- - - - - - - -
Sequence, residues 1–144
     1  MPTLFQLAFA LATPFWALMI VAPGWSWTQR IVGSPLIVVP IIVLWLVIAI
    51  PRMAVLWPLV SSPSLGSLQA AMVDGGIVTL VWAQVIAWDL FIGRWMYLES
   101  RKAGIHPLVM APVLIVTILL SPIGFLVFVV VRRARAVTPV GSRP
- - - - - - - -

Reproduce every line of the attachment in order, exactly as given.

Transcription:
Sequence, residues 1–144
     1  MPTLFQLAFA LATPFWALMI VAPGWSWTQR IVGSPLIVVP IIVLWLVIAI
    51  PRMAVLWPLV SSPSLGSLQA AMVDGGIVTL VWAQVIAWDL FIGRWMYLES
   101  RKAGIHPLVM APVLIVTILL SPIGFLVFVV VRRARAVTPV GSRP